Experienced private equity investors and advisers attach significant importance to out-performing the market. Research has shown that only through such out-performance can investors be confident of exceeding the returns of their quoted portfolios – a key justification for having a private equity programme.
However, consistently investing in superior private equity funds requires having an advantage over the market, be it through better knowledge of which funds are likely to perform best, or better access to those funds – or both.
Without a doubt there are some legendary stars among private equity managers whose funds have produced stellar returns for their investors. The chances of these managers’ successor funds
continuing to out-perform the
market are significant. Indeed it would be relatively straightforward to create a portfolio from a wish-list of such managers that would very likely outperform the market.
Unfortunately, lack of access is perhaps the key (or possibly most frustrating) issue in fund investing today. Many of these elite funds will simply not be part of the investable universe for the vast majority of limited partners (LPs).
That said, the top quartile is a big place. Most of the occupants will be less legendary funds which are not as quite as coveted, mostly because their history is not so exalted or their attractions are less obvious. It is in assessing and selecting these funds that an LP’s superior knowledge and analysis can be critical.
A decade ago the proportion of non-specialist investors in private equity funds was much higher than today. It has been said, perhaps unfairly, that many of these investors chose opportunities on a “dim-sum basis” – not surveying the universe of available funds or having a benchmark to guide them, but picking one or two funds from a small selection (usually limited to managers or placement agents who were tenacious enough to identify and pursue them as a potential source of capital).
At that time, the relatively few specialists in fund investing had a significant informational advantage over a large part of the market. By observing a larger universe of funds, they were more easily able to conclude which managers were really doing something different or special. However, over time the industry has become significantly more professional and the large majority of the capital available for private equity funds is now managed or advised by private equity specialists.
The natural result is that the low hanging fruit – the very top managers that “check all the boxes” – will be known to much of the market and will offer limited or no opportunity for new investors to back them. It is therefore increasingly necessary for investors to dig down further to find the hidden gems through their own research.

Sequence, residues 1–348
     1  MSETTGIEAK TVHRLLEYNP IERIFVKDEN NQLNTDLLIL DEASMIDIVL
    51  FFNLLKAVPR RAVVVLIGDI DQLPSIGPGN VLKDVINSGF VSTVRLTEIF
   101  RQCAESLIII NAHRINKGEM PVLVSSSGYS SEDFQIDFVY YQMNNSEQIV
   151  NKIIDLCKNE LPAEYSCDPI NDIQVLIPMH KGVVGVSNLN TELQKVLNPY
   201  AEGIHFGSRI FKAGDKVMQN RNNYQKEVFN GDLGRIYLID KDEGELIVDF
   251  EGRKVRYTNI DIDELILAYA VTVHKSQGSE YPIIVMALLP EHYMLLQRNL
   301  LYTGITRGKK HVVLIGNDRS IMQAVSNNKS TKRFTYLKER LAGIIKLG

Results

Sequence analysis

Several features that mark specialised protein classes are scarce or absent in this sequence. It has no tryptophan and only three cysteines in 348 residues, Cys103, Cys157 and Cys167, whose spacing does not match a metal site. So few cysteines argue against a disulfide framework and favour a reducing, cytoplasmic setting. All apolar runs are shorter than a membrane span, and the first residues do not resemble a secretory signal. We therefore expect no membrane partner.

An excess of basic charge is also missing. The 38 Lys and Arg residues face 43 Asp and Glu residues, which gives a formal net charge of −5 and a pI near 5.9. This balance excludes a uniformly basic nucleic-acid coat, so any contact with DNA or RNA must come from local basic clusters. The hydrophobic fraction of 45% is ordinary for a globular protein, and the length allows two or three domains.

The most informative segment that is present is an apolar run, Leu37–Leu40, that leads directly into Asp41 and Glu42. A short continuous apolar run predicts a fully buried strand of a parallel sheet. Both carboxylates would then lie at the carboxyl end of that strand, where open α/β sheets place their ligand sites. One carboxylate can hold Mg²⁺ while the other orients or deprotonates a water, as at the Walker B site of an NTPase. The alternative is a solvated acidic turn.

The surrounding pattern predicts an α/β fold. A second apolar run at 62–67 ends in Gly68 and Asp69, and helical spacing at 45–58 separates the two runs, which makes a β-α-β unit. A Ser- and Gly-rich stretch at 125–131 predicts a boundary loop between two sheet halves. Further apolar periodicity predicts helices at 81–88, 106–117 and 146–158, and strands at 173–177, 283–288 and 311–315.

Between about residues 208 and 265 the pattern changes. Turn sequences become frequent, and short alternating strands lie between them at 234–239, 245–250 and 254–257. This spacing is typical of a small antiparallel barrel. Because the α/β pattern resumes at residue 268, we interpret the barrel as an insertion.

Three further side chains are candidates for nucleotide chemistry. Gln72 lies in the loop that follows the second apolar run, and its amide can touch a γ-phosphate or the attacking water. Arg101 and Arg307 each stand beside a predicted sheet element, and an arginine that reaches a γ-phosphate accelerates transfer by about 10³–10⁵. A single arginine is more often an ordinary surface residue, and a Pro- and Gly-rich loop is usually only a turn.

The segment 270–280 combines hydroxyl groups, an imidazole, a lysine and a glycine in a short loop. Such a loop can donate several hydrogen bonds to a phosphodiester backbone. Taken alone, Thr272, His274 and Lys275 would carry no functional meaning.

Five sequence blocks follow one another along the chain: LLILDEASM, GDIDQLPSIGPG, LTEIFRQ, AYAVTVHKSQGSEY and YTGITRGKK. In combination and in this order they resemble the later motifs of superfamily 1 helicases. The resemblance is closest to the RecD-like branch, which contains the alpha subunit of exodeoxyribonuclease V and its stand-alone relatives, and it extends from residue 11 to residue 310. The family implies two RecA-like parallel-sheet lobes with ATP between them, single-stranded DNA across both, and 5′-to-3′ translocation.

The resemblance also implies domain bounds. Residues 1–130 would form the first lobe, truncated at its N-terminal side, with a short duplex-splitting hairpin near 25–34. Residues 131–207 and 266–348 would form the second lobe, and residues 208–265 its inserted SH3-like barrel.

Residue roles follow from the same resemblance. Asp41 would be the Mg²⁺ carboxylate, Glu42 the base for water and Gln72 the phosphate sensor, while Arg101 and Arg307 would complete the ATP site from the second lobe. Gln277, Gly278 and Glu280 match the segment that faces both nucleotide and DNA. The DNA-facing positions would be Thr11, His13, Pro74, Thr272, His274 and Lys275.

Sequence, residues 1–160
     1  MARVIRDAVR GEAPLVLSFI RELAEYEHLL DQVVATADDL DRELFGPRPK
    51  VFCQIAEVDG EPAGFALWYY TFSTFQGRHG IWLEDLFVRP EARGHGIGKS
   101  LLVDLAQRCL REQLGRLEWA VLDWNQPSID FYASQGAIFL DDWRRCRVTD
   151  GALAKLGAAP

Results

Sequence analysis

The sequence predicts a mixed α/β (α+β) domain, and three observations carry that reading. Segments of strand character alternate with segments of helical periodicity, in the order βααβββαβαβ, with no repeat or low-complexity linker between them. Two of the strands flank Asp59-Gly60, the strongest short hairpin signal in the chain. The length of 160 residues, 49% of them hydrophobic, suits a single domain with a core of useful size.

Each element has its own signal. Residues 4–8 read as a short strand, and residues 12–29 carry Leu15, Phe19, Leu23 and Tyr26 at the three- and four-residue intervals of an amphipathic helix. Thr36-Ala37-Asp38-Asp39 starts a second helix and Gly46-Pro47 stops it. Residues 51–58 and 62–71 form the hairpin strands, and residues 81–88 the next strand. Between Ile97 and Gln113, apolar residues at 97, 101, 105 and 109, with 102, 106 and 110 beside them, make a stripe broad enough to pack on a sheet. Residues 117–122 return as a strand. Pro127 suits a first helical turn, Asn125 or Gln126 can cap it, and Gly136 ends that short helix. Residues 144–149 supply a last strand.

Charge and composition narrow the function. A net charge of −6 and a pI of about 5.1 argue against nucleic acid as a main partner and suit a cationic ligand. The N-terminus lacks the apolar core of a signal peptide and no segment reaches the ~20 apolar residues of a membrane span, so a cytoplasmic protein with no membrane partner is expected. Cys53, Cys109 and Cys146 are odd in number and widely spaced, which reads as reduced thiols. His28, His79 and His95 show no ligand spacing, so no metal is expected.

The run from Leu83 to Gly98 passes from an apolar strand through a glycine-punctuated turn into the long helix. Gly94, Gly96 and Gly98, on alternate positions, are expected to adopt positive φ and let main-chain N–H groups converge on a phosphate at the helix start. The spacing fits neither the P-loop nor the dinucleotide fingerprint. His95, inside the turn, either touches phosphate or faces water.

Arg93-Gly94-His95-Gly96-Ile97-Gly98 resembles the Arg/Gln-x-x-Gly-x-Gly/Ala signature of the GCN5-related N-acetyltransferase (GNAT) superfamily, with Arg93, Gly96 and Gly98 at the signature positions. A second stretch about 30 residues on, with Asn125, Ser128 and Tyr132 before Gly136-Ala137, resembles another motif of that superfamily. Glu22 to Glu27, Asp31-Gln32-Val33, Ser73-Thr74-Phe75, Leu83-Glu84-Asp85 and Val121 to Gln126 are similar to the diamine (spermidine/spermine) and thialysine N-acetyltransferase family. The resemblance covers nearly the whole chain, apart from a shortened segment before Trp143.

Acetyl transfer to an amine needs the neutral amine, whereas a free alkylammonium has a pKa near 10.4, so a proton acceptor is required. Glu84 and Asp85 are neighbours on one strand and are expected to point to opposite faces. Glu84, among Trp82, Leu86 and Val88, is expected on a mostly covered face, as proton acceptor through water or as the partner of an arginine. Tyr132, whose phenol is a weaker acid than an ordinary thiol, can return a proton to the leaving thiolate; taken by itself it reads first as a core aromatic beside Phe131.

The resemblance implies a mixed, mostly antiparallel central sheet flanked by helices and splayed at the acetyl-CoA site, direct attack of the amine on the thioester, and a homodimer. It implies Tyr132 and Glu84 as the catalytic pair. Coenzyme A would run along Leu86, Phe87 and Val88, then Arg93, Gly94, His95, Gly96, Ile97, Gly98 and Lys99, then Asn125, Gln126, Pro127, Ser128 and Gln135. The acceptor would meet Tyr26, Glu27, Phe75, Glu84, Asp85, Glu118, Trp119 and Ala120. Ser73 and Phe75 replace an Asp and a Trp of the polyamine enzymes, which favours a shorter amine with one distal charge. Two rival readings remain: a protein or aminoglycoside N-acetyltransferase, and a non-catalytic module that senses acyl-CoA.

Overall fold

Even among specialists there is not a consensus on whether a particular fund is desirable. Different experts will assess the various ‘success’ factors in different ways. More importantly, they may weight the significance of these factors differently. As a placement agent we see the areas on which various LPs focus their due diligence processes, and both the common concerns as well as the differing issues they raise on any fund that we present to them.
It is clear that the due diligence data requirement of most LPs has increased substantially over the past five years. Past performance is still king, but investors are seeking increasingly detailed information in order to assess this. A headline IRR number for a manager might
be almost entirely based on
investments done a decade before, of a different size, in a different
sector and in a different market environment – perhaps even with different personnel.
Certainly investors want to know if a manager has performed well in the past, but increasingly they also try to assess how relevant and how sustainable this performance is.
To this end they will focus on the attribution of investments in the track record to individuals within the manager, analyse the risk profile at both the investment and the portfolio level and the way in which equity growth in portfolio companies has been achieved, and interpret these findings in light of their own view of the evolving market and competitive environment in which the fund operates.
Investors also scrutinise the
unrealised portfolio increasingly closely in order to form a view about its potential performance, well before such returns are
crystallised. Benchmarking prior fund performance against a private equity database such as Venture Economics is fairly routine.
However, the limitations of such anonymous databases are not well understood by all. Many investors now maintain their own databases of deal returns and fund returns in order to benchmark funds (and their underlying investments) with known comparables.

There is no doubt that some investors are better at judging funds than others and have earned long-term fund investing track records that reflect this expertise. Most investors will take some degree of comfort from the endorsement of, and by extension the due diligence of, other investors (particularly those regarded as leaders in thought or thoroughness).
However, investors who, either by unstated policy or simple practice, wait until others have completed their due diligence are more likely to find that they lose out in an oversubscription situation and are unable to participate.